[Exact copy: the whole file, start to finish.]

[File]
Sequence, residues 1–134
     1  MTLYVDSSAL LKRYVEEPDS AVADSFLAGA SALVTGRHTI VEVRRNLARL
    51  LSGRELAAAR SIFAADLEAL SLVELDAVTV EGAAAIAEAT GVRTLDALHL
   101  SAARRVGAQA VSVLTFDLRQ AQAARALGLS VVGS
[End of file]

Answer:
Sequence, residues 1–134
     1  MTLYVDSSAL LKRYVEEPDS AVADSFLAGA SALVTGRHTI VEVRRNLARL
    51  LSGRELAAAR SIFAADLEAL SLVELDAVTV EGAAAIAEAT GVRTLDALHL
   101  SAARRVGAQA VSVLTFDLRQ AQAARALGLS VVGS